Collegial Games: Analyzing the Effect of Panel Composition on Outcome in Investment Arbitration

Article excerpt

I. INTRODUCTION.................................. ...................................... 267

II. INVESTMENT TREATY ARBITRATION UNDER ICSID ...............280

III. ARBITRATING ON COLLEGIAL PANELS: ATHEORETICAL ANALYSIS............ ............................................................... .....284

A. The Market for Arbitrators: Shopping for the Right Arbitrator....................................... ................285

B. The Dynamics of Collégial Panels: On Experienced and Inexperienced Arbitrators ................................................292

C. Arbitrators ' Incentives and the Costs of Dissents ............ 294

IV. METHODOLOGY .................................................................... ...298

A. Data Selection and Coding Method ............................... .300

V. RESEARCH RESULTS..... ............................................................ 304

A. Panel Composition and Outcome..................................... 304

B. Dissents and Prior ICSID Experience..............................308

VI. CONCLUSION...................................... ...................................... 310

I. INTRODUCTION

Scholarship on voting patterns in collégial courts has become prominent in recent years.1 Numerous studies have explored theoretical and empirical aspects of panel effects in a variety of multi-member courts.2 Building on various models of judicial behavior,3 scholars have theorized on the factors that affect judicial behavior in collégial settings.4 Empirical studies have focused on voting patterns of judges, evaluating whether judges' ideology or party affiliation influence their decisions,5 and whether the composition of collégial panels affects the outcome of disputes, among other issues.6

In contrast to the wide academic interest in judicial voting on collégial courts, limited scholarly attention has been paid to voting patterns of arbitrators and even less to factors affecting arbitral decision-making in multi-member arbitration panels. What little theoretical scholarship on arbitrators' voting exists has mostly perceived arbitration as a dispute resolution process conducted primarily by a single arbitrator and not by a panel of arbitrators.7 However, arbitration is not necessarily a solitary enterprise. A large number of commercial arbitration cases, and the majority of international cases, are heard and decided by three-member arbitration tribunals. Typically, the selection method of arbitrators begins with each party selecting one arbitrator. Then the parties, the two party-appointed arbitrators, or a third body, appoint the chairman.9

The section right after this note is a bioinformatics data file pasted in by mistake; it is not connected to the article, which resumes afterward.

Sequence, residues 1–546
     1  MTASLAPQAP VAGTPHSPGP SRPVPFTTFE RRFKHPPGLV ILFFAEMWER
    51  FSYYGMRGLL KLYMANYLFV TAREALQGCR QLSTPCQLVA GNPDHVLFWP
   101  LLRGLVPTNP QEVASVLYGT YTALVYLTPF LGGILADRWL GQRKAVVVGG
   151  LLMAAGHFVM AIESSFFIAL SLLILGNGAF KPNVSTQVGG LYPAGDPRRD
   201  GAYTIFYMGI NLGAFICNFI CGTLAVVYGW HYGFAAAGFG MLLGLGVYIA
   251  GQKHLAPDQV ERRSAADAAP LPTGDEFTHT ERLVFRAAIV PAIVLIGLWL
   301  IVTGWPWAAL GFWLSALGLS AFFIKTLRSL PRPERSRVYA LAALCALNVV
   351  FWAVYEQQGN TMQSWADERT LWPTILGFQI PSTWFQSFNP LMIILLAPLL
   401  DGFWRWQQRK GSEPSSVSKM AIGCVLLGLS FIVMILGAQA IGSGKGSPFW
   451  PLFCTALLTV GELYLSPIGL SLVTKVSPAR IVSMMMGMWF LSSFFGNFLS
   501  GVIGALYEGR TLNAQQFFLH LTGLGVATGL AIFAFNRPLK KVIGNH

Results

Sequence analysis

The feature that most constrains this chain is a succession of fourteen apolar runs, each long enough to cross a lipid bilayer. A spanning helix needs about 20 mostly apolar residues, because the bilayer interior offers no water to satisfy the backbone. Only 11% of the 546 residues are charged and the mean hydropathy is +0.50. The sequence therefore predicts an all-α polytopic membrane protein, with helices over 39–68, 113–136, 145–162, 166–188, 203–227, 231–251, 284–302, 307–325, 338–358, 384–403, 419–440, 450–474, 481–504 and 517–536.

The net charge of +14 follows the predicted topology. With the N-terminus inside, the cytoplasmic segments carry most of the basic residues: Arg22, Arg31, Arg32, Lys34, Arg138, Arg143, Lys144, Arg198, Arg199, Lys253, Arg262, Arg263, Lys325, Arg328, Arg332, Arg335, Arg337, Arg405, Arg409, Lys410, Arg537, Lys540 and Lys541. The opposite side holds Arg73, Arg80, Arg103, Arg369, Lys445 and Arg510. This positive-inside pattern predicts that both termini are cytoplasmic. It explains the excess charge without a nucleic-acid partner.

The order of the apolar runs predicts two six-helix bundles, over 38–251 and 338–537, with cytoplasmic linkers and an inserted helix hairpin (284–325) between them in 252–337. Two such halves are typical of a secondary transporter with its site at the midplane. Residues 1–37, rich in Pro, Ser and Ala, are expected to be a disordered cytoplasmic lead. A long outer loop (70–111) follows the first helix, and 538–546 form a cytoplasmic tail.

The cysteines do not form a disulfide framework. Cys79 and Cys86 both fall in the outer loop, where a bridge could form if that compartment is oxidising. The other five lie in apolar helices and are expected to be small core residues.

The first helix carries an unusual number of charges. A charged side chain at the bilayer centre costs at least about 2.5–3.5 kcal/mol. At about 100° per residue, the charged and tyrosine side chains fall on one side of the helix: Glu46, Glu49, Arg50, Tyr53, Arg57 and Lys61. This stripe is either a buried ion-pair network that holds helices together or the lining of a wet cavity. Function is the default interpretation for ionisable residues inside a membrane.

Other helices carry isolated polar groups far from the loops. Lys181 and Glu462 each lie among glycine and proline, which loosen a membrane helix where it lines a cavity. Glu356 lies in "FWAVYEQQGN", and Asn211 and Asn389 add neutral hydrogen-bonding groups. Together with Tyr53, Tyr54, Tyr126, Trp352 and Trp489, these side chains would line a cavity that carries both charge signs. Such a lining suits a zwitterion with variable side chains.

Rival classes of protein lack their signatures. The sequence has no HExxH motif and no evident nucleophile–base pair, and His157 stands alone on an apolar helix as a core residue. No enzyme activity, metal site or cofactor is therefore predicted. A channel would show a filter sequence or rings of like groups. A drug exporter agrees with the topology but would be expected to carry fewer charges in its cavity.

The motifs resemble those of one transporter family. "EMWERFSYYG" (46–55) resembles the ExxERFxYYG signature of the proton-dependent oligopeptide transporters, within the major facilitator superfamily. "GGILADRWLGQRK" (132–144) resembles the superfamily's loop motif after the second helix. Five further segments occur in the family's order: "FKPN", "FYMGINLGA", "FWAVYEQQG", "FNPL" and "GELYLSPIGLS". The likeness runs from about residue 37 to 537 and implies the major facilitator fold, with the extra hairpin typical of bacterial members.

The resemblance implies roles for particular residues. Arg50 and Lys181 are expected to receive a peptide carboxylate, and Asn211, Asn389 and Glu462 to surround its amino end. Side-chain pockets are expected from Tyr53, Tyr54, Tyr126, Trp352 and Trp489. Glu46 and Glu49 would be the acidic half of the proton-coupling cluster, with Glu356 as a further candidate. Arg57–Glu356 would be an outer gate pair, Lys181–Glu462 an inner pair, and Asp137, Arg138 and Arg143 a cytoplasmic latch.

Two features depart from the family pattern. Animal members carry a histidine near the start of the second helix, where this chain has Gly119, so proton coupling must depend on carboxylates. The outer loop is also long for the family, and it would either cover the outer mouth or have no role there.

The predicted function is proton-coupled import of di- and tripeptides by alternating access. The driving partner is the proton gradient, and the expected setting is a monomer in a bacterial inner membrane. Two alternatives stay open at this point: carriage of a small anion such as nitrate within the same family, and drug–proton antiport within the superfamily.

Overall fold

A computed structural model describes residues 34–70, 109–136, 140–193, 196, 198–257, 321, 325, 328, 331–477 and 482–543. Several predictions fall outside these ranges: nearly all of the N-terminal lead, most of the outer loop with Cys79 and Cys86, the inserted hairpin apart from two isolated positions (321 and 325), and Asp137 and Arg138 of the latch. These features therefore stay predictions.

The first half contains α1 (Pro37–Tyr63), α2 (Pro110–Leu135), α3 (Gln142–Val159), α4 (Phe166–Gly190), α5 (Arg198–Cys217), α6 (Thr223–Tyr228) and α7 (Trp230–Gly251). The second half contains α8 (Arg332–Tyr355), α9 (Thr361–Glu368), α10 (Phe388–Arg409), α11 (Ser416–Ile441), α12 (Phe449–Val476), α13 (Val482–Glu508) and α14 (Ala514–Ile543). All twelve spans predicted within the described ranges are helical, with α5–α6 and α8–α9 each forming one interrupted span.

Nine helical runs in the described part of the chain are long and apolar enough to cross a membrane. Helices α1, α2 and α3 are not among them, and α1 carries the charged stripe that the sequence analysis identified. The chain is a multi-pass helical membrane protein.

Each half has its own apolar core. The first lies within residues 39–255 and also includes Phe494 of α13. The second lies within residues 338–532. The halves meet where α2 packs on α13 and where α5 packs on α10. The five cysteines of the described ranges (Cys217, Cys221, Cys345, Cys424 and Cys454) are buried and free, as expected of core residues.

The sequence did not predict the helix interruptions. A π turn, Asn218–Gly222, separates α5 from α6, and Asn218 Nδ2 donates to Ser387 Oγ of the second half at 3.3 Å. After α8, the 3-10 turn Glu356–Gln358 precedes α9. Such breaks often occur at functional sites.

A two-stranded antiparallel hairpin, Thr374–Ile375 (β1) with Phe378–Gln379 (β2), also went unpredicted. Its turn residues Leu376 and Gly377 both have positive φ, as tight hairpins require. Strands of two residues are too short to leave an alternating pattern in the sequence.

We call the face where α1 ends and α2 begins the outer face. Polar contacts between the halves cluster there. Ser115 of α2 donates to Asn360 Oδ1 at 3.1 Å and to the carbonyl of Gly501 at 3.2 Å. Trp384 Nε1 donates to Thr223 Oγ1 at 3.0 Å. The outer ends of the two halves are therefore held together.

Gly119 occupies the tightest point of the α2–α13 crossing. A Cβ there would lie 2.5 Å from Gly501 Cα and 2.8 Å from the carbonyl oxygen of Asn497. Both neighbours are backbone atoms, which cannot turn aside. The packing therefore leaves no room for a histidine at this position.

The selection of arbitrators has been considered one of the most critical aspects of arbitration.10 In collégial panels it has a special dimension.11 Because the outcome of the dispute is the product of the panel members who hear the case as a group and deliberate jointly before rendering their decision, a party who selects an arbitrator hopes not only that the arbitrator will be sympathetic to his case,12 but more importantly, that the arbitrator will be influential before the other panel members and be able to convince them to decide in his favor.13

Arbitral decision-making in collégial panels is thus composed of two interrelated processes: individual, in which each arbitrator arrives at a decision on the dispute, and collective, in which the panel members deliberate together, consider the views of their colleagues, and agree on the award.14

Surprisingly, notwithstanding the collégial enterprise15 of multi-member arbitration panels, empirical studies exploring arbitral decisions have overlooked interpanel dynamics. These studies have focused either on the awards made by,16 or the voting patterns of presiding arbitrators alone.17 However, no research has yet analyzed the intricacies of collégial settings or explored the factors relating to panel composition that might affect the outcome of disputes. …